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Chief executives have many responsibilities, but one of the most valuable is persuading investors and others that their companies are performing well financially and doing good for the world. If cracks appear in these stories, trouble follows.
Doing good is often measured in environmental, social and governance terms, and the German asset management group DWS seemed to be setting an example until recently. “We have placed ESG at the heart of everything we do,” Asoka Wöhrmann, chief executive, declared in its 2020 annual report.
The asset manager now stands accused of “greenwashing” by exaggerating the ESG credentials of its investment funds and its offices in Frankfurt were raided this week by German police on suspicion of prospectus fraud. Wöhrmann then resigned.
He denies wrongdoing, and proclaimed earlier this year that DWS’s push into ESG investment was “a true success story.” But the raid will send shivers down the spines of quite a few CEOs who routinely trumpet how seriously they take climate change and how their companies lead the way on social responsibility. Some will need to weigh their words more carefully.
Shutting up is not an option. Creating a narrative was once a secondary matter for CEOs, who focused mainly on operational matters away from the public gaze. But as investor and media scrutiny intensifies and companies have to communicate constantly to shareholders, customers and employees, the CEO has become the chief storyteller.
Anne Mulcahy, former chief executive of Xerox, once reflected that a unifying corporate story “creates a powerful momentum — people’s sense that they are able to do good things” and mattered more than “the precision or elegance of the strategy.” A stirring narrative beats a PowerPoint presentation every time, even in companies where it reflects the underlying reality.
A tale of ethical endeavour triumphed for a while at WeWork, the office-sharing company formerly run by the guru-like Adam Neumann, portrayed in the Apple TV drama WeCrashed. “Our mission is to elevate the world’s consciousness,” it declared in its filing for an initial public offering in 2019; its value then plunged as investors examined the financial fine print.
Many bosses enjoy boasting, as did Markus Braun, former chief executive of the German payments group Wirecard before its collapse in 2020 (Braun was charged with fraud earlier this year). One study found that publishing financial statements satisfied an “intense need to have their superiority continually reaffirmed” among highly narcissistic CEOs.
Indeed, the more extravagant the talk, the more likely it is that something is going wrong. Another study found that CEOs of companies that had manipulated their accounts were prone to using words that conveyed extreme positive emotion, such as “awesome”, “cracking”, “fabulous” and “immense” on investor conference calls.
The rise of corporate social responsibility, with $2.7tn estimated to have been invested in ESG assets, is a terrible temptation for self-aggrandising CEOs. Meeting financial targets consistently is tedious, but promising to improve the world sounds heroic.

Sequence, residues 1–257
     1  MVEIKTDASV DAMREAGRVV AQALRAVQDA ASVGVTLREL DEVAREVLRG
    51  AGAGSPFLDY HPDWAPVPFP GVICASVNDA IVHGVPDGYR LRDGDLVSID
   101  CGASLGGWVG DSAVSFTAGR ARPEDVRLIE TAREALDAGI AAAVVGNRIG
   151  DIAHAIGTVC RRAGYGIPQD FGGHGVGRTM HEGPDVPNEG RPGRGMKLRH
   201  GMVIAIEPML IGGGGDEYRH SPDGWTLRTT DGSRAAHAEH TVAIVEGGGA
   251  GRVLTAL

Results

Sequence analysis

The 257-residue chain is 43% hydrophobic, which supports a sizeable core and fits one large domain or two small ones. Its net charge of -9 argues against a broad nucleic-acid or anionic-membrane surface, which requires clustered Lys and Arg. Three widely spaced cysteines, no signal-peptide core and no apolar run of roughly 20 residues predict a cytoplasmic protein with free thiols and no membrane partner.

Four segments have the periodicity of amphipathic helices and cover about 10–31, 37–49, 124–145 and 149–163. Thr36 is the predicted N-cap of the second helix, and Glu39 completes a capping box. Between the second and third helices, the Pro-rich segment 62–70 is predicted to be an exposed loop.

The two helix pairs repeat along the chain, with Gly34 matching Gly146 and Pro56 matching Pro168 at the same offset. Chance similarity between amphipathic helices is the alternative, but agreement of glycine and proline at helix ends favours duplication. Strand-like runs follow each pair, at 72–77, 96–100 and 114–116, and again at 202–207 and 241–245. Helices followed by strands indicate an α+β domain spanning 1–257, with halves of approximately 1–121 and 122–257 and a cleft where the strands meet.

It goes down well with investors and appeals to employees who want to believe they work for an ethical outfit. Everyone gets a warm feeling from being told they are on a higher path.
A further attraction is that greenwashing is hard to pin down. Financial metrics can be manipulated, and companies often adopt their own — WeWork was known for inventive accounting — but a company’s cash is ultimately traceable (or not, in the case of Wirecard’s missing €1.9bn).
ESG investment is much tougher to measure: although many ratings providers now try to do so, approaches vary. As Gary Gensler, chair of the US Securities and Exchange Commission, put it last year, there is “a huge range of what asset managers might mean by certain terms, or what criteria they use”.
DWS flourished amid ambiguity, promising to be “ambitious, innovative and unconstrained in our forward thinking”. Then Desiree Fixler, former group sustainability officer, accused it of misrepresenting its ESG capabilities. “We do risk management, and we do it badly,” another executive wrote in an internal email.
The company has yet to be charged with any crime, but one lesson is clear: greenwashing is not a risk-free form of boasting. The SEC this month fined the investment advisory arm of BNY Mellon $1.5mn for omitting ESG fund information, and proposed new rules.
It also has wider dangers. Most frauds only worry those who are directly affected, but false claims to being ethical annoy everyone. Volkswagen paid €32bn in fines, legal fees and customer compensation after it was found in 2015 to be concealing diesel emissions.
Making the world better is admirable, but fibbing about it is odious. Many CEOs have adopted St Augustine’s approach to chastity in relation to social responsibility: praying to be virtuous, but not yet. Time is running out.